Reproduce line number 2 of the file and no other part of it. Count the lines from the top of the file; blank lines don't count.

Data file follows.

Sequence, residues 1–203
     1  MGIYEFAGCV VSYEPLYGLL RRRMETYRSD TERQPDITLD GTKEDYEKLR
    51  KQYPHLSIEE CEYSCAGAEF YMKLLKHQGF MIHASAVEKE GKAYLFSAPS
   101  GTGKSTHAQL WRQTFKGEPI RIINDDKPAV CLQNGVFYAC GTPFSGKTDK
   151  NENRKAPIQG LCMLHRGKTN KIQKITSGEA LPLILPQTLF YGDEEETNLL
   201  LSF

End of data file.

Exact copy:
     1  MGIYEFAGCV VSYEPLYGLL RRRMETYRSD TERQPDITLD GTKEDYEKLR